Judged on this performance you would have to say Escaria Ten has many of the credentials for staying the extra six furlongs of the Cheltenham race. No doubt Betfair Sportsbook will be thinking of trimming those odds. If my informer contacts them again, maybe they will increase his ante-post bet to £1 each-way, although whether they will be prepared to take on the extra risk is another question!

A month ago, I marvelled at the debut hurdles performance of the Ellemarie Holden-trained French Aseel, a son of French Fifteen who beat 17 others at Leopardstown by 22 lengths and upwards.  Predictably the Holden family seized the chance to take a profit on a horse they’d acquired at Arqana last summer for €62k.

He now resides in Willie Mullins’ stable and will probably take his next step towards the Triumph Hurdle at the Dublin Festival fixture back at Leopardstown next weekend.  A 6-1 chance at present, if French Aseel can beat the current market leader, Zanahiyr, in what is always a decent trial, he will surely go to the Festival as the hot favourite.

Naas provided a clue yesterday when the Dermot Weld-trained Coltor, who was runner-up on their respective debuts but by a margin that could easily have been increased a good deal had Denis O’Regan wished, won the juvenile hurdle from 17 rivals. As with all similar races at the major Irish tracks, the race was full of classy graduates from some of the top Irish Flat-race stables.

One big Cheltenham question was answered in the affirmative by Shishkin in the Lightning Chase at Doncaster on Saturday. The narrow winner of a very competitive Supreme Novice Hurdle last year, from Abracadabas, stable-companion Chantry House, and Asterion Forlonge, Shishkin had been sent straight over fences, echoing the previous Nicky Henderson pattern with Altior five years earlier, indeed in the same Kempton race.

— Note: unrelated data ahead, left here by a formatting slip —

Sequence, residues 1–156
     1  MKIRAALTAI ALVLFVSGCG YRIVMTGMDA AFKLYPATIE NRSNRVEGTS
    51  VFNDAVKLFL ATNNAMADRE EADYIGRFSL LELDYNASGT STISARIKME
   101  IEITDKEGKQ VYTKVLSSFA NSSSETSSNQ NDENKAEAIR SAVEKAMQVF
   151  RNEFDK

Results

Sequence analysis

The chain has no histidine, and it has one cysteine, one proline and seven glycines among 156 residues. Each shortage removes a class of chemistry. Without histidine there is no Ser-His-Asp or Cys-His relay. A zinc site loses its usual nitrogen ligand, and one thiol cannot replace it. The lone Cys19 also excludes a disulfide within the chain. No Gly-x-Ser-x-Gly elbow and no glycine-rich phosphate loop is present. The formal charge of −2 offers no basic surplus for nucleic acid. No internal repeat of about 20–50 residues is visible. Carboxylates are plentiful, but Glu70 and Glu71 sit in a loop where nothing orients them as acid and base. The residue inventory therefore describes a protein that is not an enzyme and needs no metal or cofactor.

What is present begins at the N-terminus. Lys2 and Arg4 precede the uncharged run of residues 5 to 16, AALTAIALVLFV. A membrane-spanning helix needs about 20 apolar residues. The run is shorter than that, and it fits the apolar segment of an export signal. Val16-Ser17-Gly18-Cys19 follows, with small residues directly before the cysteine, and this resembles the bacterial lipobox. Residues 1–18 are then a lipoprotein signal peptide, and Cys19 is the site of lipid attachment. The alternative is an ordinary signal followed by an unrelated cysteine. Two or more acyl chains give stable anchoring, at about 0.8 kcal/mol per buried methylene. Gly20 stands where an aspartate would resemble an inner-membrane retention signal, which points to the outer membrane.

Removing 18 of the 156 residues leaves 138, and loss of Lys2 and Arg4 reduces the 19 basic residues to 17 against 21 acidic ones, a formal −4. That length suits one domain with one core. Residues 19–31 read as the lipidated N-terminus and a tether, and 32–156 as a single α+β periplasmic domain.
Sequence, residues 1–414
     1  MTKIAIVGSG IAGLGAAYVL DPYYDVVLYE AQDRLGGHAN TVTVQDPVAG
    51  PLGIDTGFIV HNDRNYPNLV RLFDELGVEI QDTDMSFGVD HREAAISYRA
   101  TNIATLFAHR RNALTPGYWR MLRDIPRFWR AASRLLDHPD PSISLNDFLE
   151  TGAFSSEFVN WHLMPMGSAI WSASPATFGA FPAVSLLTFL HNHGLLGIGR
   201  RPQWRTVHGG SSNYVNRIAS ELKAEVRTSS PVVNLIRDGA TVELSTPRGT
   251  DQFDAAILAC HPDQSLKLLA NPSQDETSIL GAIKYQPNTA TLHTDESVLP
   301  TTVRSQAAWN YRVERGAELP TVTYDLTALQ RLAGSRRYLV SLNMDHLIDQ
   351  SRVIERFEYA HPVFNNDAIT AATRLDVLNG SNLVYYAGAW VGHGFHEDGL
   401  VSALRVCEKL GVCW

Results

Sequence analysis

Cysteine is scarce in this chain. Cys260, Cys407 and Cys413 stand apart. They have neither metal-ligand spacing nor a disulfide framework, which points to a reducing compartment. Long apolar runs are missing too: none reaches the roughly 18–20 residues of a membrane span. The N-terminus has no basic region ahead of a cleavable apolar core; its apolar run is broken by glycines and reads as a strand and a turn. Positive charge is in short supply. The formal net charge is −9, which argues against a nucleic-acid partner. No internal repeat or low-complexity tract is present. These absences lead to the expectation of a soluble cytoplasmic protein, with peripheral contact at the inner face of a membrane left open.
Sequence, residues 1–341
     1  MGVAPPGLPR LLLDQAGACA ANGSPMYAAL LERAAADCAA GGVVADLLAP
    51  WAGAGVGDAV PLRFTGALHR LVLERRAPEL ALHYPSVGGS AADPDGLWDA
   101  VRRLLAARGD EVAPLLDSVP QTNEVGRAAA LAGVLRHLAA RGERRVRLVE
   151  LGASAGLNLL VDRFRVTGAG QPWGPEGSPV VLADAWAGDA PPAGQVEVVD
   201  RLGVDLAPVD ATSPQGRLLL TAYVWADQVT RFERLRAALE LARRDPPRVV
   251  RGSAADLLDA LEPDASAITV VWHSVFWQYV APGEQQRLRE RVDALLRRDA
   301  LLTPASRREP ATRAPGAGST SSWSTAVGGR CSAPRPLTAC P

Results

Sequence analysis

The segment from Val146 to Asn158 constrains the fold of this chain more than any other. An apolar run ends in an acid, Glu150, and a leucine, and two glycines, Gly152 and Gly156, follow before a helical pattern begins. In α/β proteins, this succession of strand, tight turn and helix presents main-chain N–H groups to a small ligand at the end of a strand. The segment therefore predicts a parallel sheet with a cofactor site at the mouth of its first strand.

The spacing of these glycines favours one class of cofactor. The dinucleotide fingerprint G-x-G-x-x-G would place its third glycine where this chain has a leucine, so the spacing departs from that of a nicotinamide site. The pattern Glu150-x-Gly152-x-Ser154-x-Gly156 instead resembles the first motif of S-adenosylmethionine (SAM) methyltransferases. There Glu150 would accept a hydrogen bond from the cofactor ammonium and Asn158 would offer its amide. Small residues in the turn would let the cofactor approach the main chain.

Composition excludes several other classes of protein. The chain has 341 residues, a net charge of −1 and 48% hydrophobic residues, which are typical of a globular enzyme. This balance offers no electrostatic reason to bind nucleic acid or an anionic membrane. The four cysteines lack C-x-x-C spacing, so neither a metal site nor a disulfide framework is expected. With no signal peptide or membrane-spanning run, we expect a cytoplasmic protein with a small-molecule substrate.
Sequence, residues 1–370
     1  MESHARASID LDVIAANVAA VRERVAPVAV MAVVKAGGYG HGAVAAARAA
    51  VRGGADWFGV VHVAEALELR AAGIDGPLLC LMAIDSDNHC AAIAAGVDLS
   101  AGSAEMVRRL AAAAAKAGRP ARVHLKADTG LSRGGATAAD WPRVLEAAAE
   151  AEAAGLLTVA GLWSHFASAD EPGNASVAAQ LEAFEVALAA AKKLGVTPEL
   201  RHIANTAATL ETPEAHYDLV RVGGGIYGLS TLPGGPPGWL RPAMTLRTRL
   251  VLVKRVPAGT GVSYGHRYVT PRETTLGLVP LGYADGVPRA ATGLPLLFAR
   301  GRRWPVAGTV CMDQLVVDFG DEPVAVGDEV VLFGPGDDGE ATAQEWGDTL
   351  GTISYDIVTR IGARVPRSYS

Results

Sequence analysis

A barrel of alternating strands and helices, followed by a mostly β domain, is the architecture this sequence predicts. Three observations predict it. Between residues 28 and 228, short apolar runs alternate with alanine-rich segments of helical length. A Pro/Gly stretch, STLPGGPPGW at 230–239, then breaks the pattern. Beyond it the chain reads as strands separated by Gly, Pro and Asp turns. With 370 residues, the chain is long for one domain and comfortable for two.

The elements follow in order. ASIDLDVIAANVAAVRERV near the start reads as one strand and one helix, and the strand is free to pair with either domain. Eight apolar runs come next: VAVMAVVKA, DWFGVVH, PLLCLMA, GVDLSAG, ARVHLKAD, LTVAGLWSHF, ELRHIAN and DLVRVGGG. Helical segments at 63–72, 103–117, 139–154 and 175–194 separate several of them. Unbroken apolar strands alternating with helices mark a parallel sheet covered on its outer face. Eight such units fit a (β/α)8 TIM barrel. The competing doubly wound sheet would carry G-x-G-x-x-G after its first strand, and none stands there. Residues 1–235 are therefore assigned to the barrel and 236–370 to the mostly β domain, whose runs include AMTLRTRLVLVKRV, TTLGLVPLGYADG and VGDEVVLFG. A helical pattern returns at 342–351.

An easy debut win and an equally facile follow up also at the Sunbury course sent him on his way and, although faced with only three opponents on Saturday, they were all decent animals. He was a 1-7 shot which seemed skinny enough but the way in which he asserted and drew clear after halfway was reminiscent of his eminent predecessor, almost making those odds look generous.

Now firmly odds on for the Arkle at the Festival he will be most people’s banker of the meeting, if such a thing still exists, and deservedly so.

The most valuable prize on offer in Europe over the weekend was not for a flat or jumps race but the €1 million total prize for what by my calculation was the 100th running of the Prix d’Amerique, trotting’s biggest race of the year in Vincennes, Paris.

Begun in 1920, it was halted for only two years during the early phase of World War 2 and its history is littered with many famous names. In the years before all-weather racing started – so pre-1990 – there was an attempt to educate the UK betting public in the winter to bet on French trotting.

I well recall Vincennes race programmes being published in The Sporting Life newspaper as winters in those days could be more severe than now, although this one is having a good go at following their example.

In the years coming up to 1990 I remember the name Ourasi, winner of three in a row, 1986-8, plus 1990 to make it a record fourth win, around the time that Conrad Allen was cheering home the first winner of the all-weather era at Lingfield Park. [I was delighted that his Little Eva, owned by Simon Lockyer, won at Lingfield for him on Friday and she could be one to follow in the coming weeks.]

Yesterday’s Prix d’Amerique’s winner, despite another 18-horse field, was never in doubt. A six-year-old, Face Time Bourbon had won last year’s big race and was a 4-6 chance to follow up. In almost Shishkin mode he went comfortably for home in the 2700-metre race at the entrance to the home straight and was never troubled in picking up the €450,000 first prize.

Now a winner of 19 of his 21 races – he was second in the other two – he was the automatic choice for most punters in France in the race which attracts even more betting revenue every year than the Prix de l’Arc de Triomphe. A son of another dual winner, Ready Cash, Face Time Bourbon is still an entire, so the demand for his services – trotting horses are usually artificially inseminated and often race on while their sperm is harvested– will be immense.

- TS